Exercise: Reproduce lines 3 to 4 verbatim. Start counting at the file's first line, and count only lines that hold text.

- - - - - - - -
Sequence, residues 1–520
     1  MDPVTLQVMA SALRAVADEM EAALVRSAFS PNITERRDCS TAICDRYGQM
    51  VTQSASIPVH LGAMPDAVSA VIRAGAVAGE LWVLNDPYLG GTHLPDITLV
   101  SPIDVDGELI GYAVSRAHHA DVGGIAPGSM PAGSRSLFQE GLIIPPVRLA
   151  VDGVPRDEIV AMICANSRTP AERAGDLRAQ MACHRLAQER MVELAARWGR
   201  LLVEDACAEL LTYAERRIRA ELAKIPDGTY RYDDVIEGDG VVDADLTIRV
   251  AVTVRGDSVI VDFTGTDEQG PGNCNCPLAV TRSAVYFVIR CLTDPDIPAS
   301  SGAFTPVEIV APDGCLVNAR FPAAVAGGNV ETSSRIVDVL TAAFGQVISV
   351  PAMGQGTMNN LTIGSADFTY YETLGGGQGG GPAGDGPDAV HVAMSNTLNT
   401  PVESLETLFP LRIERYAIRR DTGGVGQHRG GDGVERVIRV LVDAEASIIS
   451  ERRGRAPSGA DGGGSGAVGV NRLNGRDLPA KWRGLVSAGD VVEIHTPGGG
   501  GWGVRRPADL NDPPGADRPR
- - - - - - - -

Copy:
    51  VTQSASIPVH LGAMPDAVSA VIRAGAVAGE LWVLNDPYLG GTHLPDITLV
   101  SPIDVDGELI GYAVSRAHHA DVGGIAPGSM PAGSRSLFQE GLIIPPVRLA